Poster Presentation The 13th International Congress of the Immunology of Diabetes Society 2013

The Six-year Incidence of Diabetes Associated Autoantibodies in the Genetically At-risk: The TEDDY Study (#124)

Beena Akolkar 1 , Ake Lernmark 2 , Marian Rewers 3 , William Hagopian 4 , Jin-Xiong She 5 , Olli Simell 6 , Anette-G Ziegler 7 , Ezio Bonifacio 8 , Kendra Vehik 9 , Kristian Lynch 9 , Desmond Schatz 10 , Jeffrey Krischer 9 , and the TEDDY Study Group
  1. National Institute of Diabetes & Digestive & Kidney Diseases, Bethesda, MD, USA
  2. Department of Clinical Sciences, Lund University/CRC, Malmo, Sweden
  3. Barbara Davis Center for Childhood Diabetes, Aurora, CO, USA
  4. Pacific Northwest Diabetes Research Institute, Seattle, WA, USA
  5. Center for Biotechnology and Genomic Medicine, Medical College of Georgia, Augusta, GA, USA
  6. Pediatrics, Turku University Hospital, Turku, Finland
  7. Institute of Diabetes Research, Helmholtz Zentrum München, and Klinikum rechts der Isar, Technische Universität München, Neuherberg, Germany
  8. Center for Regenerative Therapies and Paul Langerhans Institute Dresden, Technische Universität, Dresden, Germany
  9. University of South Florida, Tampa, FL, United States
  10. College of Medicine, University of Florida, Gainesville, FL, USA

Objective: To describe the incidence of diabetes related autoantibodies in a very large genetically at-risk cohort of children followed from three months of age.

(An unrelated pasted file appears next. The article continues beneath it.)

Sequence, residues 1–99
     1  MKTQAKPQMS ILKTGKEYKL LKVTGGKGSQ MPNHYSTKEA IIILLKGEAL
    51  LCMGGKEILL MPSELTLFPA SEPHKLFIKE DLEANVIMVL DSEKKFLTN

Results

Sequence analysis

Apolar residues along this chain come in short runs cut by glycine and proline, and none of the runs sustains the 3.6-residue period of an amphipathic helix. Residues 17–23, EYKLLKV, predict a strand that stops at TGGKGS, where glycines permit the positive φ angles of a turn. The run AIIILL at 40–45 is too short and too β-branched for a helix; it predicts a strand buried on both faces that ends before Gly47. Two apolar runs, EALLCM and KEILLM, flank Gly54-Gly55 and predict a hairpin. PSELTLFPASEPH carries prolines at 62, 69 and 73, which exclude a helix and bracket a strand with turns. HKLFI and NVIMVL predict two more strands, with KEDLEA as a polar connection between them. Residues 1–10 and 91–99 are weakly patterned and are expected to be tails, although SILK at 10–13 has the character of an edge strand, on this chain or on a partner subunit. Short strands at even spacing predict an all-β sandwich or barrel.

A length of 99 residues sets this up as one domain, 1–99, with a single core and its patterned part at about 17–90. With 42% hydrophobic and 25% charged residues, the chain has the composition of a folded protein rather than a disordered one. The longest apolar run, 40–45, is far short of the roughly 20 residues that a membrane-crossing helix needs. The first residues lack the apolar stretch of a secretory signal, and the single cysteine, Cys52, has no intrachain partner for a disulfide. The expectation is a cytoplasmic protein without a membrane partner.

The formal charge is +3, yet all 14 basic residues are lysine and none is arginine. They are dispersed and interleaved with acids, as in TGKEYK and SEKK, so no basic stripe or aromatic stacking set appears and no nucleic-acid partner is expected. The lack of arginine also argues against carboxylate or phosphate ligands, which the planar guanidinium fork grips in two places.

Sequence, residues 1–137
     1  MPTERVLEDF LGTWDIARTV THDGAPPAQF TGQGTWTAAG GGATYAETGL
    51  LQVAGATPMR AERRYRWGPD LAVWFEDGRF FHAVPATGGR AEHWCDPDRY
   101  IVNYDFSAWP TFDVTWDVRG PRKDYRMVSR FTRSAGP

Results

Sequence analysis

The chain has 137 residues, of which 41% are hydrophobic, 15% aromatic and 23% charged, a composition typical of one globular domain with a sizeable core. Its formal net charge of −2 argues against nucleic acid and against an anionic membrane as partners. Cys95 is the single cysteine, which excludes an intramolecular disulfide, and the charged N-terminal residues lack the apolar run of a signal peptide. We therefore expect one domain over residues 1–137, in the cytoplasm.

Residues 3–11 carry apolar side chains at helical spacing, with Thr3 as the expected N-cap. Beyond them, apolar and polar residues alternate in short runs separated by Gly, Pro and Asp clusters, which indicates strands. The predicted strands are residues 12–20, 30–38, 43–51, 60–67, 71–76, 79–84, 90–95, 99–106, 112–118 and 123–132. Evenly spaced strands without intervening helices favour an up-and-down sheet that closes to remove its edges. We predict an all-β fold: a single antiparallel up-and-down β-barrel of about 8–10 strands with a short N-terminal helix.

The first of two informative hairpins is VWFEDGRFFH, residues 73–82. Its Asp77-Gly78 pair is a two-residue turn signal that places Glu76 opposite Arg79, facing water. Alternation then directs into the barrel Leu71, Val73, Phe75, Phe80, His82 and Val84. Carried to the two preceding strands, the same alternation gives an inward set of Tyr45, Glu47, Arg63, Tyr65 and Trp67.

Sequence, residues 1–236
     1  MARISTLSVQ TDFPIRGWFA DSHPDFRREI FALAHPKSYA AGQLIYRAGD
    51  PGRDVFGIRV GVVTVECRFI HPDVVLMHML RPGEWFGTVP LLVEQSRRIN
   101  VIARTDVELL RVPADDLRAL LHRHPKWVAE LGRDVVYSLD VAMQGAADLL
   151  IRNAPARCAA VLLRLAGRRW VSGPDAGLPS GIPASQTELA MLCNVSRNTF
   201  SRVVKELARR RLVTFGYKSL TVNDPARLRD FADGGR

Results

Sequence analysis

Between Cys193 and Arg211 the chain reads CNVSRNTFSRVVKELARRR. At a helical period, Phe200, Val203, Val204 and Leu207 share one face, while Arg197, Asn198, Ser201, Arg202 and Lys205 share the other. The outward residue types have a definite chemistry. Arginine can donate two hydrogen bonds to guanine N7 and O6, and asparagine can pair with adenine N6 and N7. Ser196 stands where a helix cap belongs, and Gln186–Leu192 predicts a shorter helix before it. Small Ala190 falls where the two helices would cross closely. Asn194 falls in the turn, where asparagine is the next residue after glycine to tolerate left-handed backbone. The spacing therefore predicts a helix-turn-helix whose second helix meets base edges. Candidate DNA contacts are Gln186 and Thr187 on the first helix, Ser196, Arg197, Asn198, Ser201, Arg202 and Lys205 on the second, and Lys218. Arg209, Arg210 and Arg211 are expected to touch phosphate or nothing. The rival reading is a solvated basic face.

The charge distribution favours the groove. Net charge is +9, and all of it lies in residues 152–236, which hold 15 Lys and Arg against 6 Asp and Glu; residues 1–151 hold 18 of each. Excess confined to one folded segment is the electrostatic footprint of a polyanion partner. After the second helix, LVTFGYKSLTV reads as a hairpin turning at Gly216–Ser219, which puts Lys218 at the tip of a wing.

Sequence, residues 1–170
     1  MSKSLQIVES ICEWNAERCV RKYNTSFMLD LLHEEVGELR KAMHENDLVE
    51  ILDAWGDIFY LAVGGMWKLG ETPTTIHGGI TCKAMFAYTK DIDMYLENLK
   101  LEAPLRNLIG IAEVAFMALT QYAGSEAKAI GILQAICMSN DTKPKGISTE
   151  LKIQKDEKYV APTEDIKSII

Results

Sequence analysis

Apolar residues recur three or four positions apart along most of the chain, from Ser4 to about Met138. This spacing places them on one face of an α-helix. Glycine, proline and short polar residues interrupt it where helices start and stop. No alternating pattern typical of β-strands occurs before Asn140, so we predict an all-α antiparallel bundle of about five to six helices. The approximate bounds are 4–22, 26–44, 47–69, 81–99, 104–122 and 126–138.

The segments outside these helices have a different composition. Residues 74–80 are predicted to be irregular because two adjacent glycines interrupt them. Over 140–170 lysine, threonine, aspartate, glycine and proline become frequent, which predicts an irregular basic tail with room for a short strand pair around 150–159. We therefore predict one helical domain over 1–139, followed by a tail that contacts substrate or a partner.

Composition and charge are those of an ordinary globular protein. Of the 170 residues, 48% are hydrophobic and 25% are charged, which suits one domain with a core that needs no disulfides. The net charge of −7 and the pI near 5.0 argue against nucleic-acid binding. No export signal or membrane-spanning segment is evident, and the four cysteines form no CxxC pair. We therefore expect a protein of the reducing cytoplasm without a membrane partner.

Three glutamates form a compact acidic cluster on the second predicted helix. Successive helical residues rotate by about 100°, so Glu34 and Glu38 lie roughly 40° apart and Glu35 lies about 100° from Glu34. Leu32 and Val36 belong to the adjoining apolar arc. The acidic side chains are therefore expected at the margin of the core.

Research Design and Methods:  Infants with high risk HLA-DQ  haplotypes were enrolled and prospectively followed with standardized  autoantibody (IAA, GADA and IA-2A)  assessments quarterly through the first 4 years of life and then semiannually thereafter.  

Results: 500 of 8502 children (5.9%) had persistent confirmed autoantibodies during 31,801 person-years of follow-up through 72 months of age.  The overall incidence was 5.9% (15.7/1000 person-years). The incidence of IAA alone, GADA alone and IAA with GADA was 2.6% (7.1/1000 person-years), 2.0% (5.4/1000 person-years) and 0.9% (2.4/1000 person-years). IA-2A alone (0.1%) appeared only rarely. The incidence of 2 or more autoantibodies was 1.1% (2.9/1000 person years). Autoantibodies occurred before 3 months of age (4.2/1000 person years).  The peak incidence of IAA occurred within the first year of life, but not until 5 years of age for GADA. The longer median time (months)  to GADA only seroconversion compared to IAA only seroconversion was evident among the children with HLA-DQ2/8 (+16.7 p<0.001) and HLA-DQ4/8 (+35.5. p=0.001) but less significant with HLA-DQ8/8 (+5.3, p=0.04) and not significant with DQ2/2 (+8.4, p=0.32).

Conclusions: Diabetes related autoantibodies first appear singly with IAA appearing at an earlier age than GADA. With this limited follow up, the order of autoantibody appearance was not prognostic for epitope spreading to multiple antibodies or type 1diabetes. The order of appearance is related to the HLADQ genotype type, and to that extent carries different risks for type 1 diabetes.